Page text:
So on one side you have this counterproductive and seemingly inexplicable desire to put the kitchen knife to novel and unauthorized uses vis-à-vis the dude spending a week with his MySpace friend. You’d think we’d be beyond all that, being that we have put a man on the moon and also have speed-dating. You’d think the whole kitchen-knife-wielding-girlfriend thing would be ancient history.

I’m not saying that’s a good thing, or that it’s the only way it can be, or that you can’t try to live in a different world. I’m not saying that polyamory is bad, or unattainable, either; you might look into the possibility that you and he could have an open relationship; the idea of community that involves multiple simultaneous intimate relationships is, well … some people do that. I’m just saying that a lot of people are like this: When the dude you’re living with spends a week with a chick he met on MySpace, you start to think about the kitchen knife. I’m saying you’re not alone. These thoughts of the kitchen knife seem to be as deeply embedded in the animal nature of women as the desire to spend a week with the MySpace chick is embedded in dudes.

It’s one of those eternal verities.

So what to do? Be seriously unreasonable. Well, first, put the knives away. Then be seriously unreasonable. Tell him it’s either her or you. Seriously. Don’t pretend it’s reasonable. Just tell him you’re serious. Just tell him that’s the way it is. And peruse the apartment listings. Or, better yet, suggest that he peruse the apartment listings.
There’s probably a reason he hasn’t ever been in a serious relationship. Apparently, he’s not serious. I mean, he can’t be serious, right?

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I want to tell his wife about our affair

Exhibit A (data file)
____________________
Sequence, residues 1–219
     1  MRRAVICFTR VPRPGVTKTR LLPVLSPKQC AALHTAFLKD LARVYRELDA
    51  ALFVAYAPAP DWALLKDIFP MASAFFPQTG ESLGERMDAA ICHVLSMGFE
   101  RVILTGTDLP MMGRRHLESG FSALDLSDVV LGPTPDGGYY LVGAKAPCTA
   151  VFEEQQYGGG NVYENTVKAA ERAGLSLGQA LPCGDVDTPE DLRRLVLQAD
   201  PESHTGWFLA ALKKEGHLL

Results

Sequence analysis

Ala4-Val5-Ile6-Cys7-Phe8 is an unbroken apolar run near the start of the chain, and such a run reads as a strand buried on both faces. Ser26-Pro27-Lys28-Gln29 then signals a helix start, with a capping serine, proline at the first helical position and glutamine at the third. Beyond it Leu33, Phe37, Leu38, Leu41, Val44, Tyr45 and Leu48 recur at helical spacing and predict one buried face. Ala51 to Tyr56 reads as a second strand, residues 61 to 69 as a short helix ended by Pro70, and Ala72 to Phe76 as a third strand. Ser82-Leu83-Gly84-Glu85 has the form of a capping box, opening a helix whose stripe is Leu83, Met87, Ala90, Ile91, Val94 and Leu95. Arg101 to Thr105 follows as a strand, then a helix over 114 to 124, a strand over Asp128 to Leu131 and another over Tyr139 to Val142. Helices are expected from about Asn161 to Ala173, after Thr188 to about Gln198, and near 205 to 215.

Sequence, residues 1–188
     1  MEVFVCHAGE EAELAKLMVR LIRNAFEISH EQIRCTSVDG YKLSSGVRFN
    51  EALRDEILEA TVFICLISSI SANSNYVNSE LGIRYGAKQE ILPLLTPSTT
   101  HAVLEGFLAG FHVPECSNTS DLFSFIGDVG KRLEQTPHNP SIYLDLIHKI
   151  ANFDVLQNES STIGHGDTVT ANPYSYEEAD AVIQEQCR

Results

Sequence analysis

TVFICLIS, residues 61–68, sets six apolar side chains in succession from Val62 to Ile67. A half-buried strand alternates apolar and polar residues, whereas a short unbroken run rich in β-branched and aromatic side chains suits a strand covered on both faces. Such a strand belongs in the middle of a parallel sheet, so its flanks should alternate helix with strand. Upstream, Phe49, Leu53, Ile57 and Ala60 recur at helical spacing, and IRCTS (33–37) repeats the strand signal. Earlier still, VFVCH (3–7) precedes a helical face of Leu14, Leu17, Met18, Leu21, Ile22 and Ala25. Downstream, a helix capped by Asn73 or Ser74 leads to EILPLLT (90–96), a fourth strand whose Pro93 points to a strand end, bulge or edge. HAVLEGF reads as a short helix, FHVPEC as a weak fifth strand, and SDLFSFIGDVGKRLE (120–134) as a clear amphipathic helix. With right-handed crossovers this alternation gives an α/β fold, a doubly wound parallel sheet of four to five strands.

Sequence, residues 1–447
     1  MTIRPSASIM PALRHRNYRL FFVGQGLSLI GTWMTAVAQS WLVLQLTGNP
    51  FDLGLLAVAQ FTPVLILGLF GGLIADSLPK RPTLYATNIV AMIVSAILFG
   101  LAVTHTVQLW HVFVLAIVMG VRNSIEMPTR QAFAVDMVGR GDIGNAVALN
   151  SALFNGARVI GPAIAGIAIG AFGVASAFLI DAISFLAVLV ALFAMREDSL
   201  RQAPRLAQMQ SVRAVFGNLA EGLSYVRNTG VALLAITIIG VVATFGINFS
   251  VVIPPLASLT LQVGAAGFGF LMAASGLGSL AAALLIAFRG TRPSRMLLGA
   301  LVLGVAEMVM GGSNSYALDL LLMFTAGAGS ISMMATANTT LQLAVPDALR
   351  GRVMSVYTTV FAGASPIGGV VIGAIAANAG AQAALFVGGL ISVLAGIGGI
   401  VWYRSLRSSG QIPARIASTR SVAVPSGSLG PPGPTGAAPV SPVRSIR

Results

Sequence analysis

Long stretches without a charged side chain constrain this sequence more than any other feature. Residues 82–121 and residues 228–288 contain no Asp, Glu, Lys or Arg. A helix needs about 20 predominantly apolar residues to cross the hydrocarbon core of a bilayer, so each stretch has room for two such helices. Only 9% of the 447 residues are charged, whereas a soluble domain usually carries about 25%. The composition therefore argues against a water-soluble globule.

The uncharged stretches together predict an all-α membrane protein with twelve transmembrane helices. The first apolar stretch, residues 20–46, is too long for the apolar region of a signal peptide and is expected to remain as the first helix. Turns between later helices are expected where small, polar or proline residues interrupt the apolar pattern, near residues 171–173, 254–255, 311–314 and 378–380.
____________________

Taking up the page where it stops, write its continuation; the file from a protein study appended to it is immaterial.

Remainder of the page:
Cary’s classic column from Sunday, Mar 13, 2011

The man I love is deceiving his wife and I think she should know what kind of man she’s married to


Dear Cary,

I fell in love with an amazing, complicated man. He has a young child with an ex and he was living in the United States illegally. And he had a girlfriend. We became friends gently, over a long period of time. I’ve never had such an intense attraction, but we stayed away from it for a year. It finally broke, and our mutual feelings got stronger despite all best efforts.

Then after sleeping together for several months, he showed up at my doorstep and told me his relationship had ended. I couldn’t believe it, but I put the brakes on. Things were too intense and he needed space to get his life in order. We stopped sleeping together. Then he told me he had to leave the country, since he was here illegally.

He left. He wrote to me how much he missed me. Then, as quickly as he left, he returned. Within weeks he got back together with his ex and married her. I know he did this because he needs to be in the United States to be close to his child.

But he also started sleeping with me again, even more often than before. He took care of me, helping me around my apartment, and we spent more time together. Then he told me he loved me, that he made a mistake marrying her and that in a few years when he has his green card, we can be together.